Another digression into a DVD review tonight, to follow The Stone Tape; again this is a Nigel Kneale masterpiece which has had me riveted to the sofa for the past week. Beasts is a series of six hour-length self-contained dramas which was originally broadcast in 1976. Kneale is a fantastic storyteller and I thoroughly recommend his work to any writer – his sense of structure and pace, character and his ability to create atmosphere are unsurpassed. The linking theme of these disparate tales is that of “civilised Man in conflict with the primal, animal side of existence” (from the accompanying booklet by Andy Murray). To me however there’s a deeper theme that really struck me on first viewing – that of the fragile relationship between men and women.
In Baby, a young couple have moved to the countryside and are renovating an old cottage, ready for the imminent arrival of their new baby. Having previously miscarried, the wife is highly anxious. When they discover the mummified remains of a strange creature inside one of the cottage walls, her anxiety escalatates and she starts to hear strange noises. Her brutish husband disregards her fears, shouting at her constantly and putting his own needs first, and leaves her to face her fear alone. Is she imagining things or has something malevolent awoken? The creepy ending leaves no doubt that this marriage is well and truly over.
Buddyboy is the weirdest tale and possibly my favourite. A pornographer wishes to buy a disused dolphinarium to turn into a seedy cinema. The owner is keen to sell, and be rid of the memory of Buddyboy, one particular dolphin whose death may have been no accident. When the porn baron finds a girl squatting in the building, who’s obsessed with Buddyboy, it seems that the dead dolphin is haunting people – a fact he may be able to turn to his advantage…. The clear parallels between the exploitation of animals and the exploitation of women are hard to miss in this unusual tale, and the girl’s final choice paints a bleak picture of how women can wrestle back control of their lives. Again, the men in this tale are depicted as cruel, unable to comprehend women, and finally outwitted by them.
The Dummy is a Hammer spoof in which the collapse of a marriage, and a man’s sanity, is twisted by the power of a mask. The actor behind the Dummy is riled by his director into acts of appalling violence – here men abdicate most clearly their control over their own actions. It’s a tragic tale indeed and you do have sympathy for the man behind the Dummy, as his inability to connect with the women most important to him has driven him out of his own mind.
Special Offer is a more traditional tale of a useless shopgirl in love with her bullying boss, whose frustration takes the form of a poltergeist that causes havoc in the supermarket aisles. It’s hard to feel sympathy for her horrible boss, but the poignancy of the last scene hints at how women, even when gaining power, delude themselves into loving unworthy men, leaving an unsettling feeling that this is just the beginning…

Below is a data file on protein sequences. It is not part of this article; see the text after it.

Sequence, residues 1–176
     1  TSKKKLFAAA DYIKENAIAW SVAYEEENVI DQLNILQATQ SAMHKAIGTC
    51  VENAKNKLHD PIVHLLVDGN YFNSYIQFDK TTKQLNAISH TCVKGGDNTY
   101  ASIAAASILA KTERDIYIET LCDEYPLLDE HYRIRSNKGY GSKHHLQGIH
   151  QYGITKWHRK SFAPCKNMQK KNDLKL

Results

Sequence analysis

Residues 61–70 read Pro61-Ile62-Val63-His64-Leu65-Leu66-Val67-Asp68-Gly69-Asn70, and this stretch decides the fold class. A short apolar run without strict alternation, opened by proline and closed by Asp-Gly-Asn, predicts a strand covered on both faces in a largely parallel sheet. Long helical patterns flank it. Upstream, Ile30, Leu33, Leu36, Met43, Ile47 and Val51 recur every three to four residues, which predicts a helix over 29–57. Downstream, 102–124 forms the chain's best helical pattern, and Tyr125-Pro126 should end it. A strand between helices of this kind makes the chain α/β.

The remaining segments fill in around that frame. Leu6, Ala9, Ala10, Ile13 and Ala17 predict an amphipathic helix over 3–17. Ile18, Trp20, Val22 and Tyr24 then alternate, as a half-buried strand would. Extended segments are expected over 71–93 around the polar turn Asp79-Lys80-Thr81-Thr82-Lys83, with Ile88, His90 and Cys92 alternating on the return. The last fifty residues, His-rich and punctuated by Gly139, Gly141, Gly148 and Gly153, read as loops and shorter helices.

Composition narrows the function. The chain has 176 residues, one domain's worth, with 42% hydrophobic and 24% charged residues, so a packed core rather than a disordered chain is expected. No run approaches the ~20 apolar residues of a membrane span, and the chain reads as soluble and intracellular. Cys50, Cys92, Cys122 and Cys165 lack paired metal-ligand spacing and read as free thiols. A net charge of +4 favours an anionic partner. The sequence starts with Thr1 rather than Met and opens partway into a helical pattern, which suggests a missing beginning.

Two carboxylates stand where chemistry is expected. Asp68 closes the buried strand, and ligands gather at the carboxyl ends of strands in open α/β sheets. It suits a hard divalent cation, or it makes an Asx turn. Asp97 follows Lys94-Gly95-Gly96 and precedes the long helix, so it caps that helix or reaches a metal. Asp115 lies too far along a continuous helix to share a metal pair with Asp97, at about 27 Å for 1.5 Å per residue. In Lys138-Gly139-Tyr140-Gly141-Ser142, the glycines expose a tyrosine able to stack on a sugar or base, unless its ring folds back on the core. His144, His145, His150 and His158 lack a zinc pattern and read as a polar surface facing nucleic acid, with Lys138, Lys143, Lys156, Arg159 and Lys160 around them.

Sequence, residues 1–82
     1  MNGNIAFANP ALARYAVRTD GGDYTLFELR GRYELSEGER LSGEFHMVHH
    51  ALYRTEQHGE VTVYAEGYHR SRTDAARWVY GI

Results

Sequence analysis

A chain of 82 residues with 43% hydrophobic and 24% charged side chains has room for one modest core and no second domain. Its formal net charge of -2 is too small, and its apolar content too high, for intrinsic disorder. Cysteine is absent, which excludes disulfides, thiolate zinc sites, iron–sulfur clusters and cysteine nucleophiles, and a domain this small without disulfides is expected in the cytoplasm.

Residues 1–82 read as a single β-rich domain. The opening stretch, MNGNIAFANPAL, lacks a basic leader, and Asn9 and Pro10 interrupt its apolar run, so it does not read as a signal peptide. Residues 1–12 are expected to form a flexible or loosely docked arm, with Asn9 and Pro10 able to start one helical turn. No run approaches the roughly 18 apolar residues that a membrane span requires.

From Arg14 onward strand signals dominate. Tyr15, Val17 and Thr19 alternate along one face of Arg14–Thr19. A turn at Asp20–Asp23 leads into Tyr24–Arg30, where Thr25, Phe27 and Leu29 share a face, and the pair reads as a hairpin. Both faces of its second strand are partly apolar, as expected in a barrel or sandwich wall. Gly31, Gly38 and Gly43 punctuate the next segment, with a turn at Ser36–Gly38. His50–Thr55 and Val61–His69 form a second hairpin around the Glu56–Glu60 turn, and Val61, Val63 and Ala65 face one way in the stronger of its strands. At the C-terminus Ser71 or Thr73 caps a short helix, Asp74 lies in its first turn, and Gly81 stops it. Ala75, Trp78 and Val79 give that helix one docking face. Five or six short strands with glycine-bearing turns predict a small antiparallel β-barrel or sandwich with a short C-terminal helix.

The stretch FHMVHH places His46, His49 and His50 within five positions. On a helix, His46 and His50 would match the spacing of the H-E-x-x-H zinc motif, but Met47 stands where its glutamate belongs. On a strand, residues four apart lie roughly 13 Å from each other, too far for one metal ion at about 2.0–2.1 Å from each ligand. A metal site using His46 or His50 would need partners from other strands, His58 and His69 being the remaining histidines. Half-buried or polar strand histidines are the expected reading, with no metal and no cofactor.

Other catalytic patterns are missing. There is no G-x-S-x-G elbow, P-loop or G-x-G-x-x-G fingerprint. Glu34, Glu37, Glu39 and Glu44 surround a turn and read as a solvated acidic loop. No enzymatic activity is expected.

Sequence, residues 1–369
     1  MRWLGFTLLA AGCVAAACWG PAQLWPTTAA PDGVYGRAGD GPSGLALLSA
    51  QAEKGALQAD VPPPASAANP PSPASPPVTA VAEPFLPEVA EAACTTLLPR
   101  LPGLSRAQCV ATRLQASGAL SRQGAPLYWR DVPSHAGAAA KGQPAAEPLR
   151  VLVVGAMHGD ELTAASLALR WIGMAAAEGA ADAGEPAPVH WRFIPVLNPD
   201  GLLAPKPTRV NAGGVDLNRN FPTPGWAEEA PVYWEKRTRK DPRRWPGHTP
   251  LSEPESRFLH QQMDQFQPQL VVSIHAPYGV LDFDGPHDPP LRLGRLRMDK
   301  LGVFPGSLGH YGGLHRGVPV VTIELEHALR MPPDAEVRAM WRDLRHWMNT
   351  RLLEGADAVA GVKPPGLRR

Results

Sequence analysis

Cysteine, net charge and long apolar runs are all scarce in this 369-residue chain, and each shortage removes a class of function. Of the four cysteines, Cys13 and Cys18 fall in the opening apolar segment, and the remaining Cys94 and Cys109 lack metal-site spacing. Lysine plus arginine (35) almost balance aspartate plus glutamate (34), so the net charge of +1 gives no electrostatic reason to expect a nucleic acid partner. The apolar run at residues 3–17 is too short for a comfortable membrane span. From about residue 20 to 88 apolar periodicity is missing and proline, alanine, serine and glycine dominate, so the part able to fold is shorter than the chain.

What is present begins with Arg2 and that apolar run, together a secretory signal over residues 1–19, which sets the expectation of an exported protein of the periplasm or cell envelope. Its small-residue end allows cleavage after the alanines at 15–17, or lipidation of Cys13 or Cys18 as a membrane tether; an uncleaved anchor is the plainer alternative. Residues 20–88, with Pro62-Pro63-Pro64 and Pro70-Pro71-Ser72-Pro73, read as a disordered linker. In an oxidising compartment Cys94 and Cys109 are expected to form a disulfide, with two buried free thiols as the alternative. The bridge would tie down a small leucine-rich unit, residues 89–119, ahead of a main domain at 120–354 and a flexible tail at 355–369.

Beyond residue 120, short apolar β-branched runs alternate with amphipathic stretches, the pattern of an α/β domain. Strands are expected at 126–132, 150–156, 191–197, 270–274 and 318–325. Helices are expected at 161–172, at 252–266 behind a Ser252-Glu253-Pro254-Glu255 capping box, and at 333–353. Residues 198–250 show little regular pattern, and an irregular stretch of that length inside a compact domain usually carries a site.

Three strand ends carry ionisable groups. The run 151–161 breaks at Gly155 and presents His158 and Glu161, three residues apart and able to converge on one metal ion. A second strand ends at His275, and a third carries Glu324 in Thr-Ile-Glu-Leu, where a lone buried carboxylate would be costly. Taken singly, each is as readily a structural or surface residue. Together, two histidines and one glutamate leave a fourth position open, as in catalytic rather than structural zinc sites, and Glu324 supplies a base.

What Big Eyes is a bizarre story of a scientist who is attempting to discover the secret of lycanthropy, with the help of his daughter. When an RSPCA inspector intervenes in the scientist’s experiments, his folly is revealed, and his abused daughter rages at how he has controlled and destroyed her life – a realisation that has come far too late.
During Barty’s Party is a brilliant piece of horror in which a couple are beseiged by a swarm of rats in their home. As the scratching gets louder and louder, the domineering husband starts to disintegrate, while the timid wife bravely battles to save their lives. Wonderfully claustrophobic and horrific without ever showing anything – it’s all in their fear – this is The Birds on a tiny budget and a fantastic study in character in which the true foundations of a marriage are laid brutally bare, bringing us full circle back to Baby.
An extra episode which was not part of the series is included as a bonus – Murrain. This is a tale of simple country folk and their superstitious fear that an old woman is laying curses on them. The local vet tries to protect her and dispel their murderous superstitions, but is she really what she seems?
In every episode the female characters are strong and subversive, even if the realisation of their strength comes too late to save them from male aggression and stupidity. It’s certainly a conflict between the primal side of nature, which is personified as much in the women as the “beasts” (real or imagined) of the title. Each man fails spectacularly by not listening, not connecting, not empathising with women. They are consumed with their concerns and follies, which lead them to death, madness, and loneliness. The women by contrast often turn the tables on their menfolk, although sometimes it’s a Pyrrhic victory. The deranged scientist in What Big Eyes had it exactly right – in the folktale of Little Red Riding Hood, the wolf does not eat Grandma, the wolf IS Grandma. And that little bit of insight makes all the difference, to the women and men who realise it.